Something extraordinary happened Thursday morning. The Joint Commission on Public Ethics took action to address the leak of confidential information from a January 2019 meeting of its commissioners. They even voted in public to do so. A little background shows just what a big deal this all really is.
Eight out of 14 commissioners voted to ask state Attorney General Letitia James to launch a criminal investigation into a 2019 leak that informed former Gov. Andrew Cuomo how individual commissioners voted when it came to investigating his longtime aide Joe Percoco, who was convicted on federal bribery charges in 2018. Leaking such confidential information is a misdemeanor, and the governor denied any wrongdoing at the time. But Assembly Speaker Carl Heastie recently confirmed that Cuomo called him following the meeting to complain about the commissioners Heastie appointed. The speaker then called one of those commissioners to discuss the matter. That is not how independent investigations are supposed to work. A subsequent investigation by the Office of the State Inspector General – whose leader, Letizia Tagliafierro, recused herself because she was a former employee of JCOPE – claimed that illegality could not be confirmed. But investigators neglected to question Cuomo or Heastie. JCOPE also voted Thursday in favor of asking James to investigate what happened there and who leaked the information. A spokesperson for the state attorney general said Thursday afternoon that there have been no decisions yet about how to act on the referrals once her office formally receives them.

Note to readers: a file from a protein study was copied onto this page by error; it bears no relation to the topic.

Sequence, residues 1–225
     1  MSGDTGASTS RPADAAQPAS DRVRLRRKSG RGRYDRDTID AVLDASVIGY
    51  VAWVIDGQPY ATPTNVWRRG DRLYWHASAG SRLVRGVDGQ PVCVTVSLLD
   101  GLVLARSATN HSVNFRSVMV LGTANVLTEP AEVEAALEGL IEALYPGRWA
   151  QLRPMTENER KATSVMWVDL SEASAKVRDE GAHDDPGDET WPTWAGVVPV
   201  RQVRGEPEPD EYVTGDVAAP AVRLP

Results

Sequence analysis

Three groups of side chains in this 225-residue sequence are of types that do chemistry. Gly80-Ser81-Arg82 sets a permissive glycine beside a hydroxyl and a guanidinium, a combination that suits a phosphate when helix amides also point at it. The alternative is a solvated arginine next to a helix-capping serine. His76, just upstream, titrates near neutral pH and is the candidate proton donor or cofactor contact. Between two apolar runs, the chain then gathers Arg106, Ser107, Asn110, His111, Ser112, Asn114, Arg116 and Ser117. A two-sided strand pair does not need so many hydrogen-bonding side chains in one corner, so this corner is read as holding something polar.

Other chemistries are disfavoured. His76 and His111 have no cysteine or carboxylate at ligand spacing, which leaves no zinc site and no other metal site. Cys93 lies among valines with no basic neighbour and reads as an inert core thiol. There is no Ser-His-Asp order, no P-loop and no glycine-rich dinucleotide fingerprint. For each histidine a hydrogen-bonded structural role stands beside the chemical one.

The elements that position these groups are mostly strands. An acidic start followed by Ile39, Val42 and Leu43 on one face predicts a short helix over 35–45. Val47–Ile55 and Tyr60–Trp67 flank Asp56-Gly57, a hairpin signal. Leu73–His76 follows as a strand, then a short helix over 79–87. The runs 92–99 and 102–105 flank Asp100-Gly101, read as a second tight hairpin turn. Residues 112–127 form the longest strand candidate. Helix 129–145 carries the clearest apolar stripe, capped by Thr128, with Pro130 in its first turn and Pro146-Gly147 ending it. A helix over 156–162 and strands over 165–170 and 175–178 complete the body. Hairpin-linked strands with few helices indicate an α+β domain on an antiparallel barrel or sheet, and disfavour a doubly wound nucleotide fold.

Recent moves by JCOPE reflect a new ethical zeitgeist that has hit Albany in recent days – at least for now. A state Senate hearing on Wednesday highlighted how state officials have flouted ethics rules for years without worrying much about possible sanctions from JCOPE. That longtime status quo appears to be changing as Gov. Kathy Hochul takes office and state lawmakers resume a yearslong push to create a state ethics body that would be truly independent from political interference.
One big problem with JCOPE is how its 14 commissioners get appointed. The governor picks six, the leaders of the state Senate and Assembly get three apiece, and the minority leaders get one each. “(Commissioners) have come to see themselves as that person's person on JCOPE, and when that happens, independence goes right out the window,” Evan Davis, an attorney and expert on government ethics, said at an Aug. 25 state Senate hearing on ethics enforcement. The secretive nature of JCOPE proceedings has also been a source of criticism since the agency was established a decade ago to much fanfare by Cuomo and legislative leaders to replace the Commission on Public Integrity that was entirely controlled by gubernatorial appointees. “The Joint Commission on Public Ethics is an independent monitor that will aggressively investigate corruption and help maintain integrity in state government," Cuomo said in 2011.